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by Jess Hanch

Texas is set to become the eighth state to allow concealed carry on public campuses. Texas Senate Bill 11 also known as the “campus carry” law, allows licensed gun owners to bring firearms into classrooms, dorms, and other campus buildings. Campus carry will take effect on the anniversary of the first mass campus shooting in America, which took place at The University of Texas on August 1st, 1966. The University of Texas has not seen another massacre since. The law will not affect community colleges until 2017, and private universities have the option to opt out of the legislation.

According to the New York Times, University of Texas Chancellor and Navy SEAL vet Admiral William McRaven stated "…I have all sorts of guns. I just don’t think bringing guns on campus is going to make us any safer. If you’ve ever been shot at, which I have, then you have an appreciation for what a gun can do." McRaven addressed the decision respectfully, stating although "it was not what we hoped for…I appreciate legislators for recognizing the very specific safety considerations that are unique to campus environments." The University of Texas working group, including licensed gun holders, also believes "it would be best if guns were not allowed in classrooms, however does not recommend classrooms should be designated as gun free zones".

In an attempt to keep campus safe, the law allows universities to designate gun-free zones. The University working system also has gun safety rules, including a ban on open carry, and a license requirement. To have a license in Texas, carriers must be 21. Only 1% of the University population meets that criteria. Texas has a large population of gun-rights activists, some even using mobile apps to avoid gun-free zones out of fear (statistics show that most modern mass shootings take place in gun-free zones). The Texas Tribune sites a woman who uses the app because she feels a gun-free sign is like a “come and rob us” invitation to criminals. The Tribune also reported that anti-gun activists on a Texas community college campus are protesting the law by carrying around sex toys to "protest idiocy with idiocy". It was also reported that many students, regardless of what side they are on, only see protesters as a distraction.

Law makers from both sides of the argument want to create a better society, but cannot agree on how, or who, will protect law-abiding citizens. Despite either side, criminal attacks are part of modern society. Do you think laws discourage criminal activity, or simply prevent law-abiding citizens from defending themselves? Would you feel more or less safe on a campus that allows concealed carry? Comment, and start a discussion below.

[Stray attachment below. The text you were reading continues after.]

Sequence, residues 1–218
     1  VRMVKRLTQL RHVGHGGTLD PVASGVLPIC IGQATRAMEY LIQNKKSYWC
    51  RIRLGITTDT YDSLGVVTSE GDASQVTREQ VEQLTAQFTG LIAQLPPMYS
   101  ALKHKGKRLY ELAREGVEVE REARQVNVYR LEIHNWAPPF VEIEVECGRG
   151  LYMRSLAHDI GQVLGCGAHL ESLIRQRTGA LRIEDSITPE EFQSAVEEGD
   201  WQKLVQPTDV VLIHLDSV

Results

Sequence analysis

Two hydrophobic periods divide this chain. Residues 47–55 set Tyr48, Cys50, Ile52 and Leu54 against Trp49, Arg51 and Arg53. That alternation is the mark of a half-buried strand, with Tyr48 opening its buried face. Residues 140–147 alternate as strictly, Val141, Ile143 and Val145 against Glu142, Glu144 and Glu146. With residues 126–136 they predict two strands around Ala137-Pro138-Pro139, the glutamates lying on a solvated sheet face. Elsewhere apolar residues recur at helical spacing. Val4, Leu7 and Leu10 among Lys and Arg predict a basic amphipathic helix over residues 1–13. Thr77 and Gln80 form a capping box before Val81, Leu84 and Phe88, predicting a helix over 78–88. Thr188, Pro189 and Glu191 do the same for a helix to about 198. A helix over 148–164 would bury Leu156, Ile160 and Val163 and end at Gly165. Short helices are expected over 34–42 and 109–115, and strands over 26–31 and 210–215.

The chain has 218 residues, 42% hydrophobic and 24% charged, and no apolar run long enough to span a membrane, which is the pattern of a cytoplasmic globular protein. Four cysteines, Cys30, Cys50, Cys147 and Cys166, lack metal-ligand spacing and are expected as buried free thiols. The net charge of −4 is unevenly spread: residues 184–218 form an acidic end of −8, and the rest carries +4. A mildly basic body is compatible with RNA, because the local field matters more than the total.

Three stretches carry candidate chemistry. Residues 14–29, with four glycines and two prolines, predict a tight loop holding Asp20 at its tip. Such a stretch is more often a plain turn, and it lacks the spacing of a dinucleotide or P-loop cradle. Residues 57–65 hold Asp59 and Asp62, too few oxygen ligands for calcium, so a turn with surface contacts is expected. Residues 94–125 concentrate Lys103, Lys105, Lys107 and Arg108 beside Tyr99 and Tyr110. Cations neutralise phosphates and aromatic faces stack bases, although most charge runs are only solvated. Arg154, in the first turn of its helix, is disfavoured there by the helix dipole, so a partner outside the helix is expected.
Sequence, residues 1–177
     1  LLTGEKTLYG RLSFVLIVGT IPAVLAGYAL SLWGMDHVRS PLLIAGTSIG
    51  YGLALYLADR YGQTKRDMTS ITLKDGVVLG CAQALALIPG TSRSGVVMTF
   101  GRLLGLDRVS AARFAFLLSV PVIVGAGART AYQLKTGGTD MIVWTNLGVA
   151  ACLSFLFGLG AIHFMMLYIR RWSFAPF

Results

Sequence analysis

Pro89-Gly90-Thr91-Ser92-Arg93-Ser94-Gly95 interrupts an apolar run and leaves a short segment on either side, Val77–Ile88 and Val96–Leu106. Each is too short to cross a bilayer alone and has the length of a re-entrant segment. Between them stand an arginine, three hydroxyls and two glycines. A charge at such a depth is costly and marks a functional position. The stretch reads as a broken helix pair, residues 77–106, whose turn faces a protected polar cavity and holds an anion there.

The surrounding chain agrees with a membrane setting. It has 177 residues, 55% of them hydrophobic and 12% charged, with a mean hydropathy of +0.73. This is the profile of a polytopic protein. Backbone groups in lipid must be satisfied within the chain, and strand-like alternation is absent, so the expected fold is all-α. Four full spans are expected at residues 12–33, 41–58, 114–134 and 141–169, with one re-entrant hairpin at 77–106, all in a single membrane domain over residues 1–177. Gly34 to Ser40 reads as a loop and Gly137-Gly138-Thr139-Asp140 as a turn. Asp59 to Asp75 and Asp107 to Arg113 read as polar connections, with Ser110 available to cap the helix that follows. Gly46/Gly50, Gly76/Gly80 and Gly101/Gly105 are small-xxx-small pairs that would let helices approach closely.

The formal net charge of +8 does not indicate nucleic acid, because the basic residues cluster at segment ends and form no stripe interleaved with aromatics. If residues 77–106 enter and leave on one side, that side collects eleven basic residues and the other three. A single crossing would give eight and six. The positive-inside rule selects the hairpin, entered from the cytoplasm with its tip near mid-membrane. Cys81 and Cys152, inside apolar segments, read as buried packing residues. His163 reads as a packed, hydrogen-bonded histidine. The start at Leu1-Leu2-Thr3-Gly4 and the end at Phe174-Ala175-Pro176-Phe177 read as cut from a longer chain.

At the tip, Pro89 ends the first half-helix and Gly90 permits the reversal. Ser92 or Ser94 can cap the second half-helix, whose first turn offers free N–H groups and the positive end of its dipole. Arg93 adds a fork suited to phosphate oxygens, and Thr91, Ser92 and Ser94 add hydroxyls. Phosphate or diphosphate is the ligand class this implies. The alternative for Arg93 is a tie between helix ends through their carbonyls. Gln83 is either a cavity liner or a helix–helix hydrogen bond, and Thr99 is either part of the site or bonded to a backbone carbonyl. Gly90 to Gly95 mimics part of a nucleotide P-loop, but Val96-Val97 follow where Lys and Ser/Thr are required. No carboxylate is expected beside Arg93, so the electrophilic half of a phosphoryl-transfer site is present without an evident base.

Going to college doesn't have to break the bank or saddle you with tens of thousands of dollars in student loan debt. Check out the Scholarships.com free college scholarship search where you’ll discover you qualify for hundreds of thousands of dollars in scholarships in just a few minutes, then apply and win! It’s that easy!

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by Susan Dutca

Photos of seven Citadel cadets singing in white hoods surfaced on social media - Hoods that very closely resembled those worn by members of the Ku Klux Klan. The seven students claimed they were singing Christmas Carols and that the hoods they were sporting were intended to help them portray the "Ghosts of Christmas Past" for a skit. Whether their resemblance to the KKK was intentional or not, the Citadel Minority Alumni Facebook group was not amused.

The Citadel's Lt. Gen. John Rosa took to Facebook with a statement of his discontent stating, "these images are not consistent with our core values of honor, duty and respect," and were "disgraceful," "offensive and disturbing." All the members of the group were identified and suspension proceedings are already underway.

A person with knowledge of the incident and the school's rituals between underclassmen and seniors claims that, based on the way the men were standing in the photo, they are likely to be freshman, or "knobs," and this is a form of hazing. Despite the group's intentions, the girl who made the Facebook post was "threatened, harassed and offered money from numerous Citadel Cadets to take it offline in order to not 'ruin their lives.'" The woman was approached by a male on several social media platforms, reportedly telling her "I always wanted a black girl." Though she ignored his advances, his Snapchat feed showed the photos and videos of the Citadel cadets singing and laughing and so she "screenshotted and decided to share because [she] was so offended."